If Dale Hunter needs a role model as a new coach trying to make the Washington Capitals play better defence and with more confidence, all he has to do is study Ken Hitchcock and the St. Louis Blues.
Hunter's NHL coaching debut was spoiled Tuesday night by the stingiest defence in the league. Hitchcock's Blues were a shutdown machine once again, limiting Alex Ovechkin to one shot on goal Tuesday night in a 2-1 victory.
"We didn't give up anything in two periods," said Hitchcock, who is 8-1-2 since taking over from Davis Payne on Nov. 7. "We're starting to dial in the way we need to play to win hockey games. When you play this well, it's a good feeling."
T.J. Oshie and Matt D'Agostini scored, and Jaroslav Halak made 18 saves for the Blues, who have allowed only 13 goals in Hitchcock's 11 games.
"The first three games, everyone's playing in front of a new coach, you're trying to make a good first impression," Oshie said. "Everyone's playing hard, and it seems like we haven't taken our foot off the gas since then."
Sounds like a perfect blueprint for the Capitals, who were in a tailspin when Bruce Boudreau was fired on Monday and replaced by former team captain Hunter.
Making his debut behind an NHL bench — he spent the last 11 years coaching in the Ontario Hockey League — Hunter got a better defensive effort from the Capitals but not much offensive spark. Washington was outplayed until desperation time in the third period, but at least it didn't suffer the odd-man rushes in the uninspired routs of Boudreau's last days.
"You can't set a timeframe to it," Hunter said, "but I want them to get better and better every game. … By watching them live now, we've got some stuff to work on."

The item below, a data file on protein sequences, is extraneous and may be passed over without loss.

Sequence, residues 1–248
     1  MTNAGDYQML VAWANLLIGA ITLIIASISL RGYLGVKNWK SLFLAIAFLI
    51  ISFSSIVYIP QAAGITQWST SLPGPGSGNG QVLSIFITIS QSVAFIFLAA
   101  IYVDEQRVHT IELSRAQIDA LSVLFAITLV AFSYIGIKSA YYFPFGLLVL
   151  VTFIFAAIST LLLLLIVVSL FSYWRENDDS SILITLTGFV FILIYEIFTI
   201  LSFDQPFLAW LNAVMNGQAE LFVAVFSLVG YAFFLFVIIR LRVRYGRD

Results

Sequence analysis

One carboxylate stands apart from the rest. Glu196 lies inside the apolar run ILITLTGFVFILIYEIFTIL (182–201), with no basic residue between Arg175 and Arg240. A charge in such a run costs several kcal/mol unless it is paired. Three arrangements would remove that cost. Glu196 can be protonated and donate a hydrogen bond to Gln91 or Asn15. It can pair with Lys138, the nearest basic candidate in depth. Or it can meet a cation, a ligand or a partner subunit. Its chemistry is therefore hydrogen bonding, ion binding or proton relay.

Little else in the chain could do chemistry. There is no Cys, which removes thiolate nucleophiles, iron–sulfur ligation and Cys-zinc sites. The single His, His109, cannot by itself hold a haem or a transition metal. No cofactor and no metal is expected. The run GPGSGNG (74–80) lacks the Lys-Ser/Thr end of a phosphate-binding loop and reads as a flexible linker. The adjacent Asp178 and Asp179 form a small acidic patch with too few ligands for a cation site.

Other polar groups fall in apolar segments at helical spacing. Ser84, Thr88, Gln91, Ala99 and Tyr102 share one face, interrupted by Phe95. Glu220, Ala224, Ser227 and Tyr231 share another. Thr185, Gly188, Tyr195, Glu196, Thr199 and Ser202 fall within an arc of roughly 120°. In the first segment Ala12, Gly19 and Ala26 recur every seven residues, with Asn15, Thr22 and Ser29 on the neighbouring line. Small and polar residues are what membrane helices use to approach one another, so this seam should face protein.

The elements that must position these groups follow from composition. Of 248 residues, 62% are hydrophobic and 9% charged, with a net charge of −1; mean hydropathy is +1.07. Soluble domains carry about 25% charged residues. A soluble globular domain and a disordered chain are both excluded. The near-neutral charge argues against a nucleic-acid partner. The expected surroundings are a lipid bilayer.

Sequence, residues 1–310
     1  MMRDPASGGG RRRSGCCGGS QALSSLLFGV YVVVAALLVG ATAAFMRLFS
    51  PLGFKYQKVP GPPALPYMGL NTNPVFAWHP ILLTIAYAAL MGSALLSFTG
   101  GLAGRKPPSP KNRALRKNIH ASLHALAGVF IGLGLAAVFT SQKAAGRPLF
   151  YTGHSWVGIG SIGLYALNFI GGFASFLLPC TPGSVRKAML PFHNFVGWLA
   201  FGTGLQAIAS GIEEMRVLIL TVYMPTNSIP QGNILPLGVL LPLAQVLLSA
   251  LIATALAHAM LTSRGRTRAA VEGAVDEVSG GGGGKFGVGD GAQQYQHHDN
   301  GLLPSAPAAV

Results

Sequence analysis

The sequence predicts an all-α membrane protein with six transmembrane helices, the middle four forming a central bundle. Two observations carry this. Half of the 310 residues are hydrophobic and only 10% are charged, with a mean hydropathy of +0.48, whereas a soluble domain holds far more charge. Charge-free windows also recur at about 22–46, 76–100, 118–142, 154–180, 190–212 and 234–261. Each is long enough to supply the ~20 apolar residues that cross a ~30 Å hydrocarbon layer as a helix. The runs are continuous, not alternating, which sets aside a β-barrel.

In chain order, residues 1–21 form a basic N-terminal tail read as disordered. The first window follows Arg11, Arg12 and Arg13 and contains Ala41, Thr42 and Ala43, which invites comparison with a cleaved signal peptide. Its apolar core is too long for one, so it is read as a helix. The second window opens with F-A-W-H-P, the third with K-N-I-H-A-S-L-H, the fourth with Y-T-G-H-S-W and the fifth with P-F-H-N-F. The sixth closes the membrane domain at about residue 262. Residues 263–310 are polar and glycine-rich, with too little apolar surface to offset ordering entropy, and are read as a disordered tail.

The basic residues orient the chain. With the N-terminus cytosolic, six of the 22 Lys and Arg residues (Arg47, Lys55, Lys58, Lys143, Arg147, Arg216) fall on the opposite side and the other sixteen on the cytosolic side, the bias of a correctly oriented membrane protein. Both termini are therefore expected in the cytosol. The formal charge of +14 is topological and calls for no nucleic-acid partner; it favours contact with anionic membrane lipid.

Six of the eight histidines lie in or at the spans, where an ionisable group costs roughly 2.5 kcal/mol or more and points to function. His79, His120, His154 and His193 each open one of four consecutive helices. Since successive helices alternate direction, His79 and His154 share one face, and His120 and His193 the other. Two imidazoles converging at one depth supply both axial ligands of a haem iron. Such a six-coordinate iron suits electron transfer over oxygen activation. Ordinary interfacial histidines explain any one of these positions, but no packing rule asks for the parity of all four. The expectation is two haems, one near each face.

Nicklas Backstrom got the lone goal for the Capitals, and Washington was outshot 30-19. Two stars who bore the brunt of Boudreau's more disciplinarian ways in recent weeks failed to get untracked in the new regime's debut. Ovechkin supplied the assist on Backstrom's first-period goal, but the two-time league MVP's only shot on goal came with 18:14 to play, and of both Alexander Semin's shots came in the third period.
Hunter and the players said the defence was the first priority. The offence will come around eventually.
"We did what he ask us to do," said Ovechkin, who has only one goal in his last nine games, "and I think if we [are] going to play the same way, we [are] going to get some success."
Wearing a blue suit — "the only one I got," he said — and a lime green tie before the game and a red one during the game, Hunter took his spot behind the bench to cheers from Capitals fans who watched him play for the franchise from 1987-99 and can look up anytime to the rafters to see the banner featuring his retired No. 32 jersey. The team's production staff put together slick videos with the themes "History welcomes you back, Coach" and "November 29, 2011, back where you belong," the second one bringing the crowd to its feet during a first-period break.
The dividends weren't immediately apparent. The Blues controlled play from the opening whistle, winning individual battles and keeping the puck bottled up at the Capitals' end. It took a counterattack started by goalie Tomas Vokoun to produce the first goal, with Ovechkin feeding Backstrom for the one-time wrister that went underneath Halak's right leg pad.
The Blues got their well-deserved tying goal later in the first period when Oshie put in the rebound when Alexander Steen's shot hit the underside of the crossbar.
The Blues took the lead in the second period when Patrik Berglund kept alive the rebound of Chris Stewart's shot, then D'Agostini gathered the puck and beat Vokoun on a wraparound.
Boudreau won 200 games faster than any coach in modern NHL history but couldn't find sustained success in the playoffs. His attempt to make the players — including team captain Ovechkin — more accountable this season didn't fly, and he was dismissed after losing six of eight.
Now they're getting a crash course in the ways of Hunter, who has to install his system a little bit at a time between games.
"It's not like having three days off or something," Hunter said, "where you can really hammer it home."